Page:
Long before the birth of Aristotle or Plato, a Greek philosopher called Heraclitus came up with the strange idea that the entire cosmos was made of fire.
Whilst Heraclitus’ claims were actually a series of metaphors drawing up a conception of the world governed by unchanging natural laws, it is tempting to dismiss Heraclitus’ philosophy as the kind of nonsense that flourishes in the absence of scientific enquiry.
It seems that today, the idea that science is the guardian of human knowledge, periodically intervening whenever philosophy gets carried away, is all too common.
Indeed, it is easy to see why most people have much a higher opinion of science than of philosophy. After all, science’s impact on our day to day life is huge, having brought us intercontinental flight, vaccination, electric light and four-bladed razors. By contrast, two of the phenomena most commonly attributed to philosophy are doubt and – if Nietzsche mis-interpreters are to be believed – Nazism.
It is often forgotten that the relation between philosophy and science is reciprocal: just as science has the right to intervene with philosophy every time a philosophical theory radically contradicts empirical evidence, philosophy has an important role in criticising the practices and assumptions upon which scientific enquiry depends.
At the vanguard science’s attack on philosophy is Stephen Hawking, who recently claimed that religion and philosophy are superfluous to human understanding. Hawking’s dismissal of religion as a genuine source of human knowledge – though stupendously banal – is fair enough. Hawking’s dismissal of philosophy, however, seems quite odd.
For a start, it is simply false that, as Hawking claims, philosophers have failed to keep up to date with developments in physics and biology. An excellent example of how scientific enquiry has changed the terms of philosophical discussion is the ongoing debate on the consequences of advances in evolutionary psychology for ethics. Moreover, if philosophers do not always take heed of scientific advances, it is more often due to (quite reasonable) scepticism regarding the relevance of empirical findings rather than ignorance of them.
Hawking’s distain for philosophy is also spectacularly hypocritical given the status of his own discipline: theoretical physics. Much like metaphysics, theoretical physics is characterised by competition between theories that are equally compatible with empirical findings and, much like metaphysics, theoretical physics would be dismissed as meaningless by the philosophical school of Logical Positivism. Though physicists might here mention the fact that that their theories are backed up by maths, metaphysics is equally substantiated by formal logic.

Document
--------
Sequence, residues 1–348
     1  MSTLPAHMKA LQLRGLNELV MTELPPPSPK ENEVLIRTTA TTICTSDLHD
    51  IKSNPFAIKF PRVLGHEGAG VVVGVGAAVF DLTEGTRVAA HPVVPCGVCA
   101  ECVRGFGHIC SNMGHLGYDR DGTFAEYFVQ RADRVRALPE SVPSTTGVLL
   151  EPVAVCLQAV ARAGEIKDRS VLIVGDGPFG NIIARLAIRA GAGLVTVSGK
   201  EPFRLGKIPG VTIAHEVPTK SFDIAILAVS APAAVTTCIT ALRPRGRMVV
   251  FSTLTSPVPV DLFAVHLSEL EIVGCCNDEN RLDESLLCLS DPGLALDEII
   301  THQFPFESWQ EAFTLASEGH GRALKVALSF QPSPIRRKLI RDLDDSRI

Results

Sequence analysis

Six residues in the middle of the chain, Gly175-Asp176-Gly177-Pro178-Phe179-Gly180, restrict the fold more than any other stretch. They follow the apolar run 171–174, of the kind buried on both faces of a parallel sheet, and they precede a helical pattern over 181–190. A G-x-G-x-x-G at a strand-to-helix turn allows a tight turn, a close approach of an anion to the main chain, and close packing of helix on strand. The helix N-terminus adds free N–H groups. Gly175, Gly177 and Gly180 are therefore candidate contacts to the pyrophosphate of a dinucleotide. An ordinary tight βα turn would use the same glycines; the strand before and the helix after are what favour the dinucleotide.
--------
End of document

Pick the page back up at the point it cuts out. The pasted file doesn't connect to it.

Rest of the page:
To give an idea of how, like philosophy, theoretical physics attempts to answer questions far beyond the remit of empirical enquiry, one need only to refer to Hawking’s own book ‘The Grand Design’. Here, Hawking attempts to answer three questions: ‘Why is there something instead of nothing?’, ‘Why do we exist?’ and, ‘Why does this particular set of laws govern the universe?’ Not only is the subject matter of Hawking’s book no different to that of the philosophy he so criticises, but a few minutes of philosophical consideration reveals the futility of his project. ‘Why is there something instead of nothing’ is, as Parmenedes observed round about the same time as Heraclitus, a logical absurdity. ‘Why do we exist?’ or rather, I suspect, ‘How is it that we exist?’ is answerable by science but not by theoretical physics. And because science, as Hawking himself observes, is dependent on the idea of unchanging natural laws, the question, ‘Why does this particular set of laws govern the universe?’, cannot be answered by it without appealing to some, more fundamental set of natural laws and thus leading into an infinite regress.
In ‘An Essay Concerning Human Understanding’, John Locke describes himself as an under labourer, tasked with clearing away the logical and linguistic confusion obstructing the path of the natural sciences. What scientists such as Hawking fail to realise is that the task of the philosophical under labourer an ongoing one. Whereas the matter of whether philosophy itself can provide new knowledge is hotly contested, what is unequivocal is that all fields of human enquiry – and particularly science – are dependent on the philosophical drudgery that keeps the path of human progress clear.
Perhaps though, the sight of Hawking’s unconsidered scientific triumphalism makes the cause for the utility of philosophy better than philosophers themselves ever could.